Treaty of St. Peters of 1837 (White Pine Treaty)
Treaty of Horse Creek (Fort Laramie), 1851
Unratified California Treaty K, 1852
Medicine Creek Treaty 1854
Navajo Treaty 1868
Treaty with the Sioux, 1868
Federal Indian Law and Treaties
“American Indian Treaties,” National Archives, Oct. 4, 2016. Accessed June 14, 2017. https://www.archives.gov/research/native-americans/treaties.
DeJong, David H., American Indian Treaties: A Guide to Ratified and Unratified Colonial, United States, State, Foreign, and Intertribal Treaties and Agreements, 1607-1911 (Salt Lake City, UT, 2015).
Deloria Jr. Vine and Raymond DeMallie, Documents of American Indian Diplomacy: Treaties, Agreements, and Conventions, 1775‒1979 (Norman, OK, 1999).
Kappler, Charles J., ed., Indian Treaties 1778‒1883 (New York, 1972). Kappler’s collection has been digitized by the Oklahoma State University Library and can be found online here.
“Nation to Nation: Treaties Between the United States and American Indian Nation,” National Museum of the American Indian. Accessed June 14, 2017. http://nmai.si.edu/nationtonation/.
Constitution, Federal Indian Law, Supreme Court Cases
The Constitution of the United States (1789).
Northwest Ordinance, “An Ordinance for the Government of the Territory of the United States North-West of the River Ohio, July 13, 1787.
Johnson v. M’Intosh, 21 U.S. (8 Wheat.) 543 (1823)
Cherokee Nation v. Georgia, 30 U.S. (5 Peters) 1 (1831)
Worcester v. Georgia 31 U.S. (6 Pet.) 515 (1832)
DeMallie, Raymond J., “Touching the Pen: Plains Indian Treaty Councils in Ethnohistorical Perspective,” in Ethnicity on the Great Plains, ed. Frederick C. Luebke (Lincoln,NE, 1980), 38-53.
Harring, Sidney, Crow Dog’s Case: American Indian Sovereignty, Tribal Law, and United States Law in the Nineteenth Century (New York, 1994).
Lomawaima, K. Tsianina, “Federalism: Native, Federal, and State Sovereignty,” in Why You Can’t Teach United States History without American Indians, ed. Susan Sleeper-Smith et. al. (Chapel Hill, NC, 2015), 273‒286.
Prucha, Francis Paul, American Indian Policy in the Formative Years: The Indian Trade and Intercourse Acts, 1790‒1834 (Lincoln, NE, 1962).
Ramirez-Shkwegnaabi, Benjamin, “The Dynamics of American Indian Diplomacy in the Great Lakes Region,” American Indian Cultural and Research Journal 27, no. 4 (2003), 53‒77. doi. http://dx.doi.org/10.17953/aicr.27.4.f2217880186w0332.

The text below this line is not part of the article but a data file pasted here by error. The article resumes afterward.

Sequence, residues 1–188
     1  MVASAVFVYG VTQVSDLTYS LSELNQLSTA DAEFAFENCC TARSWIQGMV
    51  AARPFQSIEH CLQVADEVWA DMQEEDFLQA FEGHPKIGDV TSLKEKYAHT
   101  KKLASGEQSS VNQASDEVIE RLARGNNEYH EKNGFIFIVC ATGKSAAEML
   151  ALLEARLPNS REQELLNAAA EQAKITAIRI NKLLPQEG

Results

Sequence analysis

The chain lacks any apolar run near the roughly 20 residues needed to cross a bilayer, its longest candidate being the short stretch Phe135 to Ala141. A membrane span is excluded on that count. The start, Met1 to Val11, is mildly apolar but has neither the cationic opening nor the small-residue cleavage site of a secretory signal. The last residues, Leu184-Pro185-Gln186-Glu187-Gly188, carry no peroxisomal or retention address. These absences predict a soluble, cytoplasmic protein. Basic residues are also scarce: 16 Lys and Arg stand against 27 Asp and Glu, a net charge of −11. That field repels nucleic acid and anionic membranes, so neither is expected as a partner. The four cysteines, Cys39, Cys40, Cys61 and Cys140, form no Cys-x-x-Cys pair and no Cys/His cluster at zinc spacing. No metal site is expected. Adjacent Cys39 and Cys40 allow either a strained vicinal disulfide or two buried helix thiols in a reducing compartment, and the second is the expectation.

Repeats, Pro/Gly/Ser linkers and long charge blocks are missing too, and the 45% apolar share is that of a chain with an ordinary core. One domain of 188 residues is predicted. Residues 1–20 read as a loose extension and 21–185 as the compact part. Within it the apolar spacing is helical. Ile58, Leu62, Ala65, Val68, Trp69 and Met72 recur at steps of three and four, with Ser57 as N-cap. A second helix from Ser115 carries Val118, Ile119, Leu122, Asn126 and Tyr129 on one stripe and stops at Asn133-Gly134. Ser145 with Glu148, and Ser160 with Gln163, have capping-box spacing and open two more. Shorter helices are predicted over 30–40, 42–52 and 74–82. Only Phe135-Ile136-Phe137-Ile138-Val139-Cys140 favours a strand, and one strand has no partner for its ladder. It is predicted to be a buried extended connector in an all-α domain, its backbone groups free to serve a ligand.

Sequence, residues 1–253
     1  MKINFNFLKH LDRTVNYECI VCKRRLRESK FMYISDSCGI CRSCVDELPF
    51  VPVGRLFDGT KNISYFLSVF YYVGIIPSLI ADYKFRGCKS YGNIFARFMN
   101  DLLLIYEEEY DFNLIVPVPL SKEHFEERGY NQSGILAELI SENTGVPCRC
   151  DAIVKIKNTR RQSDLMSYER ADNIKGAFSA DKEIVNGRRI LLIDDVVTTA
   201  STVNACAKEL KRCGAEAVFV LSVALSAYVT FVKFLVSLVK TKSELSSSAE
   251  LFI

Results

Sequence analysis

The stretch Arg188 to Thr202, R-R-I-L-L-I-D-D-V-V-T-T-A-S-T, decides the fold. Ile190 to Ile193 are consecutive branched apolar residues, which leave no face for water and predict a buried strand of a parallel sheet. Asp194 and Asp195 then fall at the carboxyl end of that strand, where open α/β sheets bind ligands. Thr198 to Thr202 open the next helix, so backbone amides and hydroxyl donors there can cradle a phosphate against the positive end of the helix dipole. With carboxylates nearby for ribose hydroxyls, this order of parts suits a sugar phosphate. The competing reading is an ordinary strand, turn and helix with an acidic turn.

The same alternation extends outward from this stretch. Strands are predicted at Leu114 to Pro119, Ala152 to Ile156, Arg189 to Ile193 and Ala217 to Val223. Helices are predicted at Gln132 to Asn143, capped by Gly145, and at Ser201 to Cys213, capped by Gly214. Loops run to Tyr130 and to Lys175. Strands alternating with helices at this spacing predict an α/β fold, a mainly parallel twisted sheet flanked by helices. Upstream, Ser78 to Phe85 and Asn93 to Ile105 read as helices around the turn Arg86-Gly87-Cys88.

Treuer, Anton, Everything You Wanted to Know About Indians But Were Afraid to Ask (St. Paul, MN, 2012).
Wilkins, David E. and Heidi Kiiwetinepinesiik Stark, American Indian Politics and the American Political System (Lanham, MD, 2011).
Wilkins, David E. and K. Tsianina Lomawaima, Uneven Ground: American Indian Sovereignty and Federal Law (Norman, OK, 2001).
Bergquist, Lee, “Bad River Chippewa Could Have Say in Gogebic Iron Ore Mine,” Milwaukee Journal Sentinel (WI), Feb. 17, 2013. Accessed June 14, 2017. http://archive.jsonline.com/news/wisconsin/bad-river-chippewa-could-have-say-ingogebic-iron-ore-mine-ek8pstn-191612841.html.
Enger, John, “Explaining Minnesota’s 1837, 1854 and 1855 Ojibwe treaties,” MPR News, Feb. 1, 2016. Accessed June 14, 2017. https://www.mprnews.org/story/2016/02/01/explaining-minnesota-ojibwe-treaties.
Hersher, Rebecca, “U.S. Government To Pay $492 Million to 17 American Indian Tribes,” National Public Radio, Sept. 27, 2016. Accessed June 14, 2017. http://www.npr.org/sections/thetwo-way/2016/09/27/495627997/u-s-government-to-pay-492-million-to-17-american-indian-tribes.
Matson, Laura, “Treaties & Territory: Resource Struggles and the Legal Foundations of the U.S./American Indian Relationship” In Open Rivers: Rethinking The Mississippi, no. 5, 2017. http://openrivers.umn.edu/article/treaties-territory/.
Minnesota Indian Affairs Council, “Relations: Dakota & Ojibwe Treaties; A Companion to Why Treaties Matter, an exhibit of the Minnesota Indian Affairs Council.” Accessed July 7, 2017. http://treatiesmatter.org/index.php.
NYC Stands with Standing Rock Collective, “#StandingRockSyllabus.” 2016. Accessed June 14, 2017. https://nycstandswithstandingrock.wordpress.com/standingrocksyllabus/.
Whyte, Kyle, “Indigenous Climate Change & Climate Justice Teaching Materials & Advanced Bibliography,” Dr. Kyle Whyte Teaching Resources. Accessed June 14, 2017. http://kylewhyte.cal.msu.edu/climate-justice/.